November 23, 2014 Leave a comment
A week full of openings, Great Britain celebrated #LoveTheatre Day, Elaine Stritch remembered, Mike Nichols mourned, and I’ve given into the promotional fever and include trailers for both Peter Pan Live (on NBC on December 4th) and Into The Woods, which opens December 25th.
The Week in New York Theater Nov 17-23
Barry Diller envisions a $170 million park and performance space off 14th St.,Pier 55.
“She was a volcano of ferocity, on a pillar of vulnerability.”~Cherry Jones about Elaine Stritch, at Stritch’s memorial yesterday.
Congratulations to Steven Adly Guirgis on receiving the $200,000 “Mimi” (Steinberg Distinguished Playwright Award) tonight
Daisy and Violet Hilton, twin sisters permanently connected at the hip by a ribbon of flesh, were spectacularly popular entertainers in the 1920’s, so it seems fitting that “Side Show,” a musical about them that lasted just a few months on Broadway when it debuted in 1997, is back on Broadway in a spectacularly entertaining production….Those less in thrall to the musical’s legacy are more likely to see that the “freakery” is itself largely but a side show. Yes, “Side Show” is a story about being an outsider, and about finding love…But “Side Show” is also at heart a conventional show about show business, a stars-are-born musical that doesn’t dig very deep. It does, however, allow for one musical number after another that are both visually splendid and wonderfully performed.
Several years before Simon Stephens adapted “The Curious Incident of the Dog in the Night-Time” for the stage (now on Broadway), the playwright wrote the far more in-your-face “Punk Rock,” about a group of troubled English private school students, which has now opened Off-Broadway in a scorching production by MCC at the Lucille Lortel Theater… If “Punk Rock” offers little special insight or education about the problems of adolescence, there is no denying that it is a lesson in how to make theater riveting.
Rock of Ages will close on Broadway on January 18, 2015
Half of all Broadway shows this season are set in specific NYC neighborhoods. There are Off-Broadway set in all five boroughs. Why? Actor Tony Danza, “Disgraced” playwright Ayad Akhtar and “Grand Concourse” playwright Heidi Schreck , “This Is Our Youth” set design Todd Rosenthal, “On The Town” choreographer Joshua Bergasse and others explain. Broadway’s Muse: New York City Neighborhoods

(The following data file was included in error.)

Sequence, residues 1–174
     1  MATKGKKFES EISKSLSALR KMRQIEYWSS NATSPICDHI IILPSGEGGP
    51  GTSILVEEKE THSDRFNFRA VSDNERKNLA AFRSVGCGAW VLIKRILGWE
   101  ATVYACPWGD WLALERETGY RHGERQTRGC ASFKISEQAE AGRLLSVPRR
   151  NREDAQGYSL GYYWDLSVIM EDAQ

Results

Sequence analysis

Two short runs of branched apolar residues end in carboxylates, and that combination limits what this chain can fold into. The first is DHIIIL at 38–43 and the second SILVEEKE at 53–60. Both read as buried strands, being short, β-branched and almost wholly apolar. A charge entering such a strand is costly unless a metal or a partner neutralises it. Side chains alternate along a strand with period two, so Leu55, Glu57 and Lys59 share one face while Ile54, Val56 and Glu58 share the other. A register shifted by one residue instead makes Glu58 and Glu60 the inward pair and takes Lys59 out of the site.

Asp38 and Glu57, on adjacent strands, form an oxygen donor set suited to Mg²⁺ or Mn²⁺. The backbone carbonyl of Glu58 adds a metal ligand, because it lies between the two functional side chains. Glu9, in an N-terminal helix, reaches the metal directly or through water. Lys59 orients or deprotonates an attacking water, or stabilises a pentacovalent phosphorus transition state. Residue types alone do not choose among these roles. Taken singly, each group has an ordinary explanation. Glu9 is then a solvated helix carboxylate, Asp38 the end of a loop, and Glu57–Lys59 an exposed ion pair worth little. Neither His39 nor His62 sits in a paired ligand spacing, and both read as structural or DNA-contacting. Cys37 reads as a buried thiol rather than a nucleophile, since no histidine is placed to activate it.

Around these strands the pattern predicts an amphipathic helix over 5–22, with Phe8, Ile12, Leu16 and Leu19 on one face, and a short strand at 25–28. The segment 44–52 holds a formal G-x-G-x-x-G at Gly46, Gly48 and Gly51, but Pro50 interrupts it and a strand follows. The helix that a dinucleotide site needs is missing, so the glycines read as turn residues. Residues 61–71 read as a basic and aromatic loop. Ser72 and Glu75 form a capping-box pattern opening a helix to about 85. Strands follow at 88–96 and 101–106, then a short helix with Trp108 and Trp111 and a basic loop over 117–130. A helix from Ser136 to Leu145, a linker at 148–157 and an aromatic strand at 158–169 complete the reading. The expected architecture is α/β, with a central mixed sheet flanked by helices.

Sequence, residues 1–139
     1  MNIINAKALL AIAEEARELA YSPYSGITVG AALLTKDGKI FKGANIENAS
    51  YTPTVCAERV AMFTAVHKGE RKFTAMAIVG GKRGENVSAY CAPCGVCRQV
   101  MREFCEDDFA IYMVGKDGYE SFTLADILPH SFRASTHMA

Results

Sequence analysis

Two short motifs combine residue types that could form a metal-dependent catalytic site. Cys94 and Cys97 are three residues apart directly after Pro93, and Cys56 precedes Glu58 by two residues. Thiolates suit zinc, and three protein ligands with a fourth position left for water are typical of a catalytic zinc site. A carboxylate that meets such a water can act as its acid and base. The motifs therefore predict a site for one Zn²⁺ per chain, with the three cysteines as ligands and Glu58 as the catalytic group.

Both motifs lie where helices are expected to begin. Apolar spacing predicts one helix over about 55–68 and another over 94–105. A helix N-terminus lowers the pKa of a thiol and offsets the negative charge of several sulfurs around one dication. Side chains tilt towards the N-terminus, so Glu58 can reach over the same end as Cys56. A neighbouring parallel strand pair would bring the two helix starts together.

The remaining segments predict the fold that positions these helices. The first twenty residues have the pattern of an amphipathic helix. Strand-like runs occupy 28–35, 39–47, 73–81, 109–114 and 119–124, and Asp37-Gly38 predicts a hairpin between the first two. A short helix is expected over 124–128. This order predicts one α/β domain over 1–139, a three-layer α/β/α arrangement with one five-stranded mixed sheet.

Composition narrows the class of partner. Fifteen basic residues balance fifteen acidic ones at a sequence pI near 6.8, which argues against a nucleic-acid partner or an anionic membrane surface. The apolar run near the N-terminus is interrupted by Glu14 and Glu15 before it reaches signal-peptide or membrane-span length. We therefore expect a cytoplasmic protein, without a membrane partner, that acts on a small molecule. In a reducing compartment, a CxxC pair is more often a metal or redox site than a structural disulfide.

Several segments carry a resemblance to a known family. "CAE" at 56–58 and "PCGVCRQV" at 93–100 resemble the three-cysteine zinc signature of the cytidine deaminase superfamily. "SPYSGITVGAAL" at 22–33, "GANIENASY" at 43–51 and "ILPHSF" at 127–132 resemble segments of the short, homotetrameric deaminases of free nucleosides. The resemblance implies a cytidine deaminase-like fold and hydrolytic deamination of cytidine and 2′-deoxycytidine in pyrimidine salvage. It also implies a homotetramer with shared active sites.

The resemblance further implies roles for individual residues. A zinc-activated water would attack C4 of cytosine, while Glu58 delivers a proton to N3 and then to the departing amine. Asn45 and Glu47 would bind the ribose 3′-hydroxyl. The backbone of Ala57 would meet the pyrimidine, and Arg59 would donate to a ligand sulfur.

The rowdy brothers of Young Jean Lee’s stimulating “Straight White Men,” which has now opened at the Public Theater, play a board game called Privilege, where Jake draws a card that says:
“What I said wasn’t sexist/racist/homophobic because I was joking. Pay fifty dollars to The Lesbian and Gay Community Services Center.”
Drew’s card says: “I don’t see race. Pay two hundred dollars in reparations.”
A scene like this seems to confirm what we suspected from the provocative title –that Lee, a Korean immigrant known for her avant-garde downtown theater pieces, has written and directed an acid satire of America’s de facto ruling class. But “Straight White Men,” as it turns out, is nothing of the kind. Rather, it is a sympathetic, intelligent look at a family of four men, and the different ways they are adapting to a changing world.
— Jonathan Mandell (@NewYorkTheater) November 19, 2014
MT @FringeNYC #NYC didn’t provide funding for FringeNYC this year. Let’s prove we’re here to stay! http://bit.ly/11Elvfg
Move over, Encores! In their second musical restoration after Sondheim and Lapine’s Passion last year, the Classic Stage Company now brings us Rodgers and Hammerstein’s Allegro, billed as the first fully-staged production in New York City since the musical debuted on Broadway in 1947, shortly after the Rodgers and Hammerstein hits Oklahoma! and Carousel, shortly before their South Pacific and The King and I.
The CSC revival is pared-down, lasting 90 minutes with no intermission. There is minimal scenery; the stage is nearly in the round. The fine cast of 12 – led by Claybourne Elder at Joe Taylor Jr and Elizabeth Davis as his wife Jenny – plays its own musical instruments.
Aficionados will likely be in heaven, even if they nitpick. Those previously unacquainted with “Allegro” might come to understand why this is the least known of Rodgers and Hammerstein’s musicals. It’s best to think of it as an educational experience.
Mike Nichols dies at 83 - director, performer, writer, one of only 12 EGOTs (winner of Emmy, Grammy, Oscar and Tony.)
My last lunch with Mike Nichols by John Lahr.
Playwrights Horizon’s artistic diretor Tim Sanford, playwright Lynn Nottage and Sundance theater head Philip Himberg met with the New York Times theater editors over the Times policy of reviewing non-New York shows
Tommy Tune Joins the Cast of ‘Lady, Be Good’ for Encores!
The Heart of Robin Hood, a play by David Farr, will run at Broadway’s Marquis Theater March 10-August 23 2015
— Jonathan Mandell (@NewYorkTheater) November 21, 2014
(Chris Miller writes the music. Nathan Tysen writes the words.)
Should arts be pure and covered apart from worldly issues (re: Cosby allegations?) Philip Kennicott in the Washington Post says no
Musicals that strive for justice are the ones that last, says Dallas News theater writer Nancy Churnin
Trailers for Peter Pan and Into The Woods which, if nothing else, are the most promoted stage-to-screen shows this year.